Dig Dug is an arcade game developed and published by Namco in Japan in 1982. It runs on Namco Galaga hardware, and was later published outside of Japan by Atari, Inc.. A popular game based on a simple concept, it was also released as a video game on many consoles.
The objective of Dig Dug is to eliminate underground-dwelling monsters by either inflating them with an air pump until they explode, or by dropping rocks on them. There are two kinds of enemies in the game: 'Pookas' (a race of round red monsters, said to be modeled after tomatoes, that wear yellow goggles), and 'Fygars' (a race of green dragons that can breathe fire while their wings flash).
Dig Dug (NES version)
The player's character is the eponymous Dig Dug, dressed in white and blue and able to dig tunnels through destructible environments. Dig Dug will be killed if he is caught by either a Pooka or a Fygar, burned by a Fygar's fire, or crushed by a rock he has loosened.
A partially inflated monster will gradually deflate and recover after a few seconds, during which time Dig Dug can pass safely through it. The monsters normally crawl through the tunnels in the dirt but can turn into ghostly eyes and travel slowly through the dirt. The last enemy in a round will try to escape off the top left of the screen - and if he succeeds, the potential points are lost.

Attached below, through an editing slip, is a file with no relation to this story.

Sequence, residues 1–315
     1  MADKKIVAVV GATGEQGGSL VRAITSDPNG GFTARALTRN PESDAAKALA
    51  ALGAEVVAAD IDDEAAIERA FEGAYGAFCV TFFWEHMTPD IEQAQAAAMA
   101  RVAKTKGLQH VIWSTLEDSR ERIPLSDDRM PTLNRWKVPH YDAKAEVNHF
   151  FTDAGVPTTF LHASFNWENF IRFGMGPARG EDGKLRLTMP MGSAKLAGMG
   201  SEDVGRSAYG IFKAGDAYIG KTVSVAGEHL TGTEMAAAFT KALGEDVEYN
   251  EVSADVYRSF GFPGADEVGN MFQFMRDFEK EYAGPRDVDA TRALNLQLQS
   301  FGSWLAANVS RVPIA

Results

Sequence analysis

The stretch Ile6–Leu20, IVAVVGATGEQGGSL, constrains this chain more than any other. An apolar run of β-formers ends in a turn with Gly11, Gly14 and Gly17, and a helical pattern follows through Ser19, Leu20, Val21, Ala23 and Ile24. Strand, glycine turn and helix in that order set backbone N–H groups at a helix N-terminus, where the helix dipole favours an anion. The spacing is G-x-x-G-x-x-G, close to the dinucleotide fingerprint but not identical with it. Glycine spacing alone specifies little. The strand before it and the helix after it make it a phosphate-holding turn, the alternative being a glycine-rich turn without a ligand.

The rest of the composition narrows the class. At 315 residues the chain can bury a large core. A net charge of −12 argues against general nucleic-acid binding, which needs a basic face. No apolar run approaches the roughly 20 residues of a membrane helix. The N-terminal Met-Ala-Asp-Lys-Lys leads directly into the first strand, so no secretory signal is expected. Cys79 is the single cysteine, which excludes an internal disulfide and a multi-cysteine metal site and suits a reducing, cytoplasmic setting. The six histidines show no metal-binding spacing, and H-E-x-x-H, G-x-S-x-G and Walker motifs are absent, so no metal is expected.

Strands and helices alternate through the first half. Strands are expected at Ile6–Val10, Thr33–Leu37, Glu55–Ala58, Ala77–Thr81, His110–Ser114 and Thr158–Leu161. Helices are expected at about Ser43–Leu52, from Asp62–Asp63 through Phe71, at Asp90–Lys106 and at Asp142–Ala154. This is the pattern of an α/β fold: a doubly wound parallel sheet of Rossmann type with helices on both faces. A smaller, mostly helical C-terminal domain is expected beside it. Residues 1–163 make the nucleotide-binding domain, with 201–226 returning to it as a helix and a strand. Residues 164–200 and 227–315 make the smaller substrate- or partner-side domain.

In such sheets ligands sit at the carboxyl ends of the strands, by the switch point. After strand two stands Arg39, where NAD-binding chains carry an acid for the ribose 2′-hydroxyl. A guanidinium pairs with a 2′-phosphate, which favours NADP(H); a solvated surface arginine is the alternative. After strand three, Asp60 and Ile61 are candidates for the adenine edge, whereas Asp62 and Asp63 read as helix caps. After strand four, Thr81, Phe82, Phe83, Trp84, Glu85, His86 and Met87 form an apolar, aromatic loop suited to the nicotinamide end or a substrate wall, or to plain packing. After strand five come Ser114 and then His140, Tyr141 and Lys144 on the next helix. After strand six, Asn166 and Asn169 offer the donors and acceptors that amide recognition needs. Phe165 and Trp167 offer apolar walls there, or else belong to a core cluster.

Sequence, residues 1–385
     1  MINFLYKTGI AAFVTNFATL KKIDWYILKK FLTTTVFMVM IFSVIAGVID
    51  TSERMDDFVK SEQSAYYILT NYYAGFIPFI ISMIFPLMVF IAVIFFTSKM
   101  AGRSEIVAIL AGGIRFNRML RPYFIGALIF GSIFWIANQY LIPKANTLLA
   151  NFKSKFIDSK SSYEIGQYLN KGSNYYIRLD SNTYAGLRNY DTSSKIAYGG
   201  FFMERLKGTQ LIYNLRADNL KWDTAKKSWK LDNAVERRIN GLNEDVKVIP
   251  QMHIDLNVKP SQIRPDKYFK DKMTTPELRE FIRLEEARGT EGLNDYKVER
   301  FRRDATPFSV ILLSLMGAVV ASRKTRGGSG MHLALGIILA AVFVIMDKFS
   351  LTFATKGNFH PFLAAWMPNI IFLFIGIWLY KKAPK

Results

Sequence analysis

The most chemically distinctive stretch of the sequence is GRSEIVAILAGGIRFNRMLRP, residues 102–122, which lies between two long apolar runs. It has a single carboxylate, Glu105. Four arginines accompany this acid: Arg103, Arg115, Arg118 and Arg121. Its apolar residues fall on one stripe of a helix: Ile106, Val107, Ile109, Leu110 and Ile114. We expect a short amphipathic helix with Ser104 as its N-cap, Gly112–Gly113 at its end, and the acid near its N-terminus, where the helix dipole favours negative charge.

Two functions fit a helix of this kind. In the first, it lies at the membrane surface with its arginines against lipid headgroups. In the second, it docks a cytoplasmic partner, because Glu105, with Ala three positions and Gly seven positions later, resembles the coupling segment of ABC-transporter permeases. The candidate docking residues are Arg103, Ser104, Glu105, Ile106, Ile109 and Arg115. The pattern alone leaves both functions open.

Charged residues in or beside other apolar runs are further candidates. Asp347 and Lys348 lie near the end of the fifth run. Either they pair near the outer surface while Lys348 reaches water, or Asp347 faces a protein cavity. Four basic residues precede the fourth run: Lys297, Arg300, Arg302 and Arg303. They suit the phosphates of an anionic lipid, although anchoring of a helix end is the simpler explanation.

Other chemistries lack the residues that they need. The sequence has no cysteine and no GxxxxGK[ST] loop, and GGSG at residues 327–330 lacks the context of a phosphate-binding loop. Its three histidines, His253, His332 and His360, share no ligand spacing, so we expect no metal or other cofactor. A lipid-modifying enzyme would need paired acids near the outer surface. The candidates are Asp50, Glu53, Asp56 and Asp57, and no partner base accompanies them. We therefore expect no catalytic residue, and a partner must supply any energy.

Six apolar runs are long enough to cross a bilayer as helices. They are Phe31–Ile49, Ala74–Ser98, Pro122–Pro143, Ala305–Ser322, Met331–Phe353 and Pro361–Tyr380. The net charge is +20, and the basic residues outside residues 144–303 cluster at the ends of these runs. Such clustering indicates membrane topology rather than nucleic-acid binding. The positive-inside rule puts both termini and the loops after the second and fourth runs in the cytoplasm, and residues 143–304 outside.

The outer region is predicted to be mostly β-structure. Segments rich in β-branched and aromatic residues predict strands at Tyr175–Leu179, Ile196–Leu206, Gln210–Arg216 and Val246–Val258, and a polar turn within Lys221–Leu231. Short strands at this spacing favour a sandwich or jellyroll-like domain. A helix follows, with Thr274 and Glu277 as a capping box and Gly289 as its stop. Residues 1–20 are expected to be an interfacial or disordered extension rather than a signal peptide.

More points will be awarded for exploding an enemy further down in the dirt (the levels are color-coded). Additionally, Fygars are worth double points if exploded horizontally, since they can only breathe fire horizontally in the direction they are facing. Extra points are also awarded for dropping rocks on enemies in order to eliminate them rather than inflating them. If one enemy is killed by the rock, it is worth 1000 points. The next two add 1500 points each, and any after that, add 2000. The act of digging is itself worth points - giving 10 points for each block dug, so some players will do as much of it as possible while the threat from the remaining monsters is minimal.
After the player drops two rocks, fruits and vegetables and other edible bonus items, such as Galaxian flagships, appear in the center of the play field, and can be collected for points if the player is able to reach them before they disappear. These edible bonus items will appear even if the rocks fail to crush any enemies. In the original arcade version, the most points attainable from a single bonus fruit (or vegetable) is 8000 from the pineapple, which appears in every round of the game from the seventeenth round onwards.
If the player should drop a rock on an enemy at the same time he or she explodes him, a glitch will occur whereupon all enemies will promptly disappear, but the game will not progress and the player will be free to dig through all dirt. Attaining the next level of play will then remain impossible, but the glitch can be resolved by forcing a rock to drop (unless, of course, there are no rocks remaining).